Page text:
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Child Care Costs in California Exceed Rent and College Tuition

New report finds that child care is unaffordable in 49 out of 50 states.

Topics: California

For parents in California, paying for child care can cost more than sending a child to college or keeping a roof over their heads.

A new report finds that child care is unaffordable in 49 out of 50 states, including California. Child Care Aware has tracked the cost of child care for 10 years, and in 2016 they found that the cost of care is still eating up a significant portion of Californians' paychecks. A few alarming highlights:

  • The cost of center-based care for two children in California is more than twice the annual cost of college tuition at a public four-year college and nearly twice as much as rent.
  • A single mother or father with an infant child will pay more than half of their income for center-based care.
  • For a married couple with two children living at the poverty line, child care actually costs more than their annual income.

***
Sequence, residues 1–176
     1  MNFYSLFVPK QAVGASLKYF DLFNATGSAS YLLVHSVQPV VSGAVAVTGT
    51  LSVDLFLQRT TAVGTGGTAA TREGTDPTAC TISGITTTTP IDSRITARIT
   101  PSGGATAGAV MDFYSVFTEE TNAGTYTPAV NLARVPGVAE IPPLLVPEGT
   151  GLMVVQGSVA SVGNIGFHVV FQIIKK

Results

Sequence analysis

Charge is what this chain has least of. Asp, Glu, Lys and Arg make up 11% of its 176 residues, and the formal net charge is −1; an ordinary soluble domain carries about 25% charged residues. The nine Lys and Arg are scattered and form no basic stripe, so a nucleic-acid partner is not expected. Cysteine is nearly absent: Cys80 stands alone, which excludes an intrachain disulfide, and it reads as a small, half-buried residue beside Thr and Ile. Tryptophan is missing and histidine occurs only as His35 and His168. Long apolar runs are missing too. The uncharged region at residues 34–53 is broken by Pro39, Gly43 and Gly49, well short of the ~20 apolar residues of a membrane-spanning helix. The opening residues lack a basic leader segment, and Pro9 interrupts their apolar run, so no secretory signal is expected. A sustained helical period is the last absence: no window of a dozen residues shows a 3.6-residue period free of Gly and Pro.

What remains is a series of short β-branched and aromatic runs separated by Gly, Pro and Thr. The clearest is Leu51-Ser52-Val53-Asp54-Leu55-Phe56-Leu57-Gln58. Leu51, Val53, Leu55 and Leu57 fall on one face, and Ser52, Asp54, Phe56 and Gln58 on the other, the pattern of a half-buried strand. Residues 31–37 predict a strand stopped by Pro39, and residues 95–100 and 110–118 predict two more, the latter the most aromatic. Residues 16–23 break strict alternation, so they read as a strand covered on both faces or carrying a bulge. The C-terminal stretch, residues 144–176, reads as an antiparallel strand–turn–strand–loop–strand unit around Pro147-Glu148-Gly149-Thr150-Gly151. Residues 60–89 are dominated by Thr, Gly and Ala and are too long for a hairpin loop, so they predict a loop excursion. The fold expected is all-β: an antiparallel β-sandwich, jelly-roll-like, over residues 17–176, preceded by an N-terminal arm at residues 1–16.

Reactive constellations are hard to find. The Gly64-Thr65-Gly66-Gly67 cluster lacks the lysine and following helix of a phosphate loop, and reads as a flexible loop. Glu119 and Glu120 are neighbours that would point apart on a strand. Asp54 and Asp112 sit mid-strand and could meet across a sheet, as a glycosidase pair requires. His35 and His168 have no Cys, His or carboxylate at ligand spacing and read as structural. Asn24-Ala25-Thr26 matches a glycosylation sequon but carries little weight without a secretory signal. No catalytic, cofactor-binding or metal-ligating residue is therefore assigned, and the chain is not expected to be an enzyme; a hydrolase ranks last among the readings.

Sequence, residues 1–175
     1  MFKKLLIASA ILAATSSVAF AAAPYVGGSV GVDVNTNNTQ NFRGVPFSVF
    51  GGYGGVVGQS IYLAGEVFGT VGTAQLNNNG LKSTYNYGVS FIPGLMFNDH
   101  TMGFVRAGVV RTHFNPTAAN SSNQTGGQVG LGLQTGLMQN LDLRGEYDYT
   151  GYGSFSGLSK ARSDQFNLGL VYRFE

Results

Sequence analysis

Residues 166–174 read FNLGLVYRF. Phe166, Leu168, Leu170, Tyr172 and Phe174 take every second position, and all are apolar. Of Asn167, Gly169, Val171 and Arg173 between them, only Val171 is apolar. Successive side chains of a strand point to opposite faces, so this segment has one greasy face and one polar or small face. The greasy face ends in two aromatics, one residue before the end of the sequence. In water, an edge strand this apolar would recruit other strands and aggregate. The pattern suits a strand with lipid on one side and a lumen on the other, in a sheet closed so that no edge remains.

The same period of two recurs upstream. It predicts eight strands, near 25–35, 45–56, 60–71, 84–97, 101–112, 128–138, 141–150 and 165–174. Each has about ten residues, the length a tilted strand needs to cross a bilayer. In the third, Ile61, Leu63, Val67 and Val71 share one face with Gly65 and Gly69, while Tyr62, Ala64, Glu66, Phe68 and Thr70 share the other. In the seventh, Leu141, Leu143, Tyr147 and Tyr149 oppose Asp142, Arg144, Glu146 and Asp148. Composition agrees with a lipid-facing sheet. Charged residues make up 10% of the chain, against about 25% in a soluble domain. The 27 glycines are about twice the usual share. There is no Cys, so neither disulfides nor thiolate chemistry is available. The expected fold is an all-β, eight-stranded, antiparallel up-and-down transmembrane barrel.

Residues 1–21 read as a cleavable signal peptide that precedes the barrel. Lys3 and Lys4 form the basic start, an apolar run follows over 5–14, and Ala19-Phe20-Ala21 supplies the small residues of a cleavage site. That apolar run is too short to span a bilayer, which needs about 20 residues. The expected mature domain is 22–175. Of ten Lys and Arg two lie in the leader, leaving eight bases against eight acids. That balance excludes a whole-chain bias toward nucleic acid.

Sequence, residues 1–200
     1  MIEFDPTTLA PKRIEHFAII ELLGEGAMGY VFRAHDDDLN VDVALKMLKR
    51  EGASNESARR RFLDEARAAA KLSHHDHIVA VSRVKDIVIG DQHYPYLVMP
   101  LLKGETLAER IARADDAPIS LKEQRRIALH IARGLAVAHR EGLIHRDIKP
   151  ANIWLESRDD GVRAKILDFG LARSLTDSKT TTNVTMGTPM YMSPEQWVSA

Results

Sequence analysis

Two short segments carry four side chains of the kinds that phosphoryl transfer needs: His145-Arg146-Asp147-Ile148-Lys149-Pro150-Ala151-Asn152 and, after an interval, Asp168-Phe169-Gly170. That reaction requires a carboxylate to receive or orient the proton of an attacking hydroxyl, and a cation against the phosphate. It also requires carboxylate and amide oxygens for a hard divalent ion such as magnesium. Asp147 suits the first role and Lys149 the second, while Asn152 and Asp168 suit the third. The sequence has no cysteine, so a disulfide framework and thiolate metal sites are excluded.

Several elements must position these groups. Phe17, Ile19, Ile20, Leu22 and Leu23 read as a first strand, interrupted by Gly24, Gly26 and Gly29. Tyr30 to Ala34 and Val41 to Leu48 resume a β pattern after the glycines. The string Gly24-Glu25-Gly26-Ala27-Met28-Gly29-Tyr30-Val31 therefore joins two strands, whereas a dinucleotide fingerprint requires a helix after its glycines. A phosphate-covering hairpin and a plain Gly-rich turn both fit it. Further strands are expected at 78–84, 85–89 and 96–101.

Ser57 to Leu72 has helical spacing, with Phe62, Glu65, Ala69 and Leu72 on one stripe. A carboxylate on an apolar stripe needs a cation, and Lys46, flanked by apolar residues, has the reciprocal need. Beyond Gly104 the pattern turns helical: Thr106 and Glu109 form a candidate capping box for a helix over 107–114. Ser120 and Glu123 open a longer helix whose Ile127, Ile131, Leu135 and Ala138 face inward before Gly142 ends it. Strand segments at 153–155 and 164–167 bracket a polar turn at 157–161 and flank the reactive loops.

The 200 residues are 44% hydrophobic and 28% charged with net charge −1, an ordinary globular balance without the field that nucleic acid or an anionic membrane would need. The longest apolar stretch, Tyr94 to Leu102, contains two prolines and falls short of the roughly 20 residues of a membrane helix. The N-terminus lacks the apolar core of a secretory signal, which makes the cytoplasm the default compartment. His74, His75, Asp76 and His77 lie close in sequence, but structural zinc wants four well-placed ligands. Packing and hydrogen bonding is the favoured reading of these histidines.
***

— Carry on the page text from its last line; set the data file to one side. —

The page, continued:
Working families lose nearly $29 billion in wages every year because they cannot access high-quality, affordable child care.

Research overwhelmingly shows that quality early care is key to kids' long-term development, and as this report makes clear, too many parents and their children are being priced out. That's why the Right Start Commission calls for a child-centered system in which every family has access to high-quality early learning and care programs for children age 0 to 5.

The status quo is unacceptable. Public polling has shown that there is wide support among Californian voters for increasing the state's support for child care and early education programs. California's leaders must take action to address the affordability crisis and ensure that all families can access the affordable, high-quality care they need.

Teresa Machado
Teresa Machado is Common Sense Kids Action’s Policy Associate for California. She joined Kids Action in 2016 from Early Edge California in Oakland, CA, where she worked to advance policy to improve early education access and quality. Previously, she worked as a district representative for California State Assemblymember Das Williams and began her career in policy as an intern with the California State Assembly Committee on Education.